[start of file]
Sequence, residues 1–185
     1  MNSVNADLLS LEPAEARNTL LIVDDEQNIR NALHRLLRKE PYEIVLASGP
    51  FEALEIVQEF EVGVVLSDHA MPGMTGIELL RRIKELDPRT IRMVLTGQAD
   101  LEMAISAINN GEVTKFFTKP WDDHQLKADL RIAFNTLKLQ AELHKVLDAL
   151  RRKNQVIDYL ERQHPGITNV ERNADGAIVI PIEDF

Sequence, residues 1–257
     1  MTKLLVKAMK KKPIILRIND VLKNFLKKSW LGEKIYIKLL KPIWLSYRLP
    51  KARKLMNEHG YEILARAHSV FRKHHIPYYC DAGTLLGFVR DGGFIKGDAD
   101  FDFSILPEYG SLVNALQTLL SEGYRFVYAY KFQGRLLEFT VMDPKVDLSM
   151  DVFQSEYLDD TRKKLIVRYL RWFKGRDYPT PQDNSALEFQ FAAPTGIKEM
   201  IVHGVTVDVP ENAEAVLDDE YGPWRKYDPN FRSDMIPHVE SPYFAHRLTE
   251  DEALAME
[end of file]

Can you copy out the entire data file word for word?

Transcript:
Sequence, residues 1–185
     1  MNSVNADLLS LEPAEARNTL LIVDDEQNIR NALHRLLRKE PYEIVLASGP
    51  FEALEIVQEF EVGVVLSDHA MPGMTGIELL RRIKELDPRT IRMVLTGQAD
   101  LEMAISAINN GEVTKFFTKP WDDHQLKADL RIAFNTLKLQ AELHKVLDAL
   151  RRKNQVIDYL ERQHPGITNV ERNADGAIVI PIEDF

Sequence, residues 1–257
     1  MTKLLVKAMK KKPIILRIND VLKNFLKKSW LGEKIYIKLL KPIWLSYRLP
    51  KARKLMNEHG YEILARAHSV FRKHHIPYYC DAGTLLGFVR DGGFIKGDAD
   101  FDFSILPEYG SLVNALQTLL SEGYRFVYAY KFQGRLLEFT VMDPKVDLSM
   151  DVFQSEYLDD TRKKLIVRYL RWFKGRDYPT PQDNSALEFQ FAAPTGIKEM
   201  IVHGVTVDVP ENAEAVLDDE YGPWRKYDPN FRSDMIPHVE SPYFAHRLTE
   251  DEALAME